Washington State Continues To Feel The Agony of Defeat
Following a good week of practice, Coach Paul Wulff loaded his players on a charter flight to Phoenix, AZ. The troops were upbeat and positive about their chances to not just play good football, but win a game for only the second time this season.
In a pre-game interview, Coach Wulff endured questions that politely avoided pinning him down. He's a big guy. Go ahead, ask the tough questions, such as, "Will your team be competitive against ASU?"
Near the end of the interview, Coach Wulff tried to explain what he and his staff have done to get ready for the game.
What changes might be expected to shake things up?
"We're going to stay the course and not jump from A to Z. We're going to focus on moving from A to B and so forth..."
In other words, there will be no "shaking things up".
A frustrated guy? You bet. Has Coach Wulff considered caving in to the pressure to deliver wins? Not a chance.
Despite the futility of this Cougar football team, Coach Wulff is confident that his plan will work based on the combination of being a student of the game and having proved himself as a head coach.
The Sun Devils are having a poor season, unless you compare them with the Cougs. So what happened Saturday afternoon at Sun Devil Stadium where there was a relatively sparse crowd for Homecoming?
Arizona State shut out the visiting Washington State Cougars 31-0.
The game wasn't as lopsided as the final score.
On the first series of the game, the Cougar defense recorded back-to-back sacks for the first time this season. That intensity and success continued most of the first half for WSU.
The offense put together a nice 56 yard drive on their first possession that stalled on the Sun Devil 24 yard line. It looked as though the Cougs were going to take an early lead for the second week in a row when Wade Penner missed a 41 yard field goal.
Saddled by rather bad field position the rest of the half, that first drive was the only serious scoring threat for WSU.
For the second week in a row, the Cougs used a three man front for their base defense. It worked nicely for them throughout the first 30 minutes.
Things unraveled in the second half. Momentum swung to ASU when starting quarterback Kevin Lopina was lost for the game late in the first half. Lopina suffered a concussion. The Sun Devil defense gave him several hard lessons on "how not to" use the blocks of his offensive line.
The biggest problem for Washington State in the second half was their lack of depth. Fatigue clearly effected their play on both sides of the ball.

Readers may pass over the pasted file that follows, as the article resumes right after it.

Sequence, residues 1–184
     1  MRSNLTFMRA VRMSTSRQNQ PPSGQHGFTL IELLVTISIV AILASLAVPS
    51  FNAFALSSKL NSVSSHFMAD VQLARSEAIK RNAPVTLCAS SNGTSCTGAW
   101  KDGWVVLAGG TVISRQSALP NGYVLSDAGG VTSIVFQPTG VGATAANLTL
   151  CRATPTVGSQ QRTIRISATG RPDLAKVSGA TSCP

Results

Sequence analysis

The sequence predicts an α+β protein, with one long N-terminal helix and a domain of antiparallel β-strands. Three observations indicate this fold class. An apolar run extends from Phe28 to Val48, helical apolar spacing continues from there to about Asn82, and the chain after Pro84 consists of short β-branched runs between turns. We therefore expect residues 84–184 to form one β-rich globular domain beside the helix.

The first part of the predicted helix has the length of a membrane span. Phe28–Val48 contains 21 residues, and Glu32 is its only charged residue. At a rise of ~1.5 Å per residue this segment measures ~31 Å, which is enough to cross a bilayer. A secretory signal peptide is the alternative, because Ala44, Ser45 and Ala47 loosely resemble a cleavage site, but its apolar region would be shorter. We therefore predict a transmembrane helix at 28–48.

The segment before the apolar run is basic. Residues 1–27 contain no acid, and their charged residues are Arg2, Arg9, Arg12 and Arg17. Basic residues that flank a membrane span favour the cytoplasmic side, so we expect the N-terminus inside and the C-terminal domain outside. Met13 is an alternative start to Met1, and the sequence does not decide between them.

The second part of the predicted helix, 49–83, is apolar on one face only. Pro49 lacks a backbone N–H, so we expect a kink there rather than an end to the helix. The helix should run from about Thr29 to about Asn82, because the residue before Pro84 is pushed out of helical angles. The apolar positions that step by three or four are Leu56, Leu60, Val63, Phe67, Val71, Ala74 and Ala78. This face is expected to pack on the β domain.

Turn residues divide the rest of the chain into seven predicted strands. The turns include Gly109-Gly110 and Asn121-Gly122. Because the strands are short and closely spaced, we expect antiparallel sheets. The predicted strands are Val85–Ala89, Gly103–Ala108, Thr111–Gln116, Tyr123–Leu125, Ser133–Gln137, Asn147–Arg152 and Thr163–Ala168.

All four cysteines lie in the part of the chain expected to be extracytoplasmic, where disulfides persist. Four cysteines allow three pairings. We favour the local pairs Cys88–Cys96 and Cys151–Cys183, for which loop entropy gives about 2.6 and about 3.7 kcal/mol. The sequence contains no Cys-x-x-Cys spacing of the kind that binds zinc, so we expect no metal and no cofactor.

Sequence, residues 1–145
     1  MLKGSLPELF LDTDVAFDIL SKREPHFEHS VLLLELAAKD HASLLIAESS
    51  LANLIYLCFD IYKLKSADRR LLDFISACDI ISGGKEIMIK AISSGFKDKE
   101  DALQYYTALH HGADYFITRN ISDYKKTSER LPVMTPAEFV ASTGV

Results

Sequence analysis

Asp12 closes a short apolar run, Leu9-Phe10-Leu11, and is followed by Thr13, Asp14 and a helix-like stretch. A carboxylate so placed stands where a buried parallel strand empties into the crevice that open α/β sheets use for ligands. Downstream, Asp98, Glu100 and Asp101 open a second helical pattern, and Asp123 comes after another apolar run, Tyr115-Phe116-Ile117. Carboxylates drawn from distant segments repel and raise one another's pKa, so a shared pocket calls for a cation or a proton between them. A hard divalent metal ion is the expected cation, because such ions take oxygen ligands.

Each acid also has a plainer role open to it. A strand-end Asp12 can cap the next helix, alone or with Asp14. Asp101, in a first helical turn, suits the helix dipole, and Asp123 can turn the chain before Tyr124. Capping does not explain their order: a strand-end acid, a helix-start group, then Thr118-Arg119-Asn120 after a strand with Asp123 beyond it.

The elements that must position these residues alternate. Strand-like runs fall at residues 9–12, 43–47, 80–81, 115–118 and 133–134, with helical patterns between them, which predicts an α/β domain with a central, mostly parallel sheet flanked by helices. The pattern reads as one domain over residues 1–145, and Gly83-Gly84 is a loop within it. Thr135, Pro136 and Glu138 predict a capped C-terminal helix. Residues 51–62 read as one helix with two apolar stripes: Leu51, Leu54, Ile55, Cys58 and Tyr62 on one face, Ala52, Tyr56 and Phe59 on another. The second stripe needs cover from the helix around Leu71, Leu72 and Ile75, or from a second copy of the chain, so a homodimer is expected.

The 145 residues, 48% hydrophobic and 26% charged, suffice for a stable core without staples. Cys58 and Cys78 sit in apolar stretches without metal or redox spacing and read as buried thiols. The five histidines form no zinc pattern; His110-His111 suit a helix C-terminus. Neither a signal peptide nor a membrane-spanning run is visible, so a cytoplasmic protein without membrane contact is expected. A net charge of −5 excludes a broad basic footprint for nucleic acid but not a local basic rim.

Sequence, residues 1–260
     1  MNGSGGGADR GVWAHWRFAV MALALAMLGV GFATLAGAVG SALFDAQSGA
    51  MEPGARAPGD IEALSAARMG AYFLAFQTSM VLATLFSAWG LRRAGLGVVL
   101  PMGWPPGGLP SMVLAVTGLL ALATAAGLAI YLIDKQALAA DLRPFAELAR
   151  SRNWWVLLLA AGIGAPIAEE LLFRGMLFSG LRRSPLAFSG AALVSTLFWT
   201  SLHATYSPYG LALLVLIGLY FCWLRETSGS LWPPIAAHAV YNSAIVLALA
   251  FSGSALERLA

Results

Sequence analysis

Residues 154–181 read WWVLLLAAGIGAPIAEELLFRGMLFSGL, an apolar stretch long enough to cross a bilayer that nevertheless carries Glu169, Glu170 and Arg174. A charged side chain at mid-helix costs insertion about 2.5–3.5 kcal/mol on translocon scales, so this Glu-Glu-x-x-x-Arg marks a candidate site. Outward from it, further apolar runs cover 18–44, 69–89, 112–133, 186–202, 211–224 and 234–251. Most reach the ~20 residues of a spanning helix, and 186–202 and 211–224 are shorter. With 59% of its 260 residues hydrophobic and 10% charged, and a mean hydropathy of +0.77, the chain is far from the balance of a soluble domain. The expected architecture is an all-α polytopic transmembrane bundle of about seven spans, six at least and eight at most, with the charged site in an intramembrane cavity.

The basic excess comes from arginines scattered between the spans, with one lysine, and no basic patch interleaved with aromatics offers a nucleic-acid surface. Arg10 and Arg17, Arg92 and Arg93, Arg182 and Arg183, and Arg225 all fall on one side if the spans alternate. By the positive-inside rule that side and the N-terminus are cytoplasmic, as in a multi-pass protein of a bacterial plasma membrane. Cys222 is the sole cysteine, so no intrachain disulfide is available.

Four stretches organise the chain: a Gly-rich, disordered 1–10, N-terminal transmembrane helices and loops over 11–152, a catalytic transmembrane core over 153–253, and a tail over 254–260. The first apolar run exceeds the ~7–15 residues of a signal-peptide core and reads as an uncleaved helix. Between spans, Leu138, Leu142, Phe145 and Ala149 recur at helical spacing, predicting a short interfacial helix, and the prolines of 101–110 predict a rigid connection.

JT Levenseller gained some valuable experience playing all of the second half. He's got a lot to learn. Unfortunately there isn't much time for Levenseller to pick up his play. Next Saturday is not only a big game because of in-state rivalry with UW for the Apple Cup, it's possible he might be making his first college start.
Just to make things a little more complicated for Levenseller, he injured his left wrist. Adrenaline got him through the second half against ASU. The question is, how will that wrist feel tomorrow morning? It's not his throwing hand, but a sprained wrist can make it tough to take the snap from center.
After injuries to Lopina and Levenseller in this game, there's no doubt that the most dangerous position to play in college football is quarterback for Washington State. If Lopina can't make it back for the last two games, he'll join Gary Rogers and Marshall Lobbestael on the shelf. Nice way for Coach Wulff to begin his career as the head man at WSU, losing the first three quarterbacks on a razor thin depth chart.
Have to mention that things don't look good for return man/running back Chantz Staden. Staden injured his knee and preliminary reports suggest he's done for the year. He has played good football in his first year at WSU and will really be missed.
Two games left on the course set for the Cougs.
Two more chances to taste victory.
Considering the many, many good things WSU did on the field today, they could easily finish with two wins. Could be a simple as progressing from A to B and then moving on to C.
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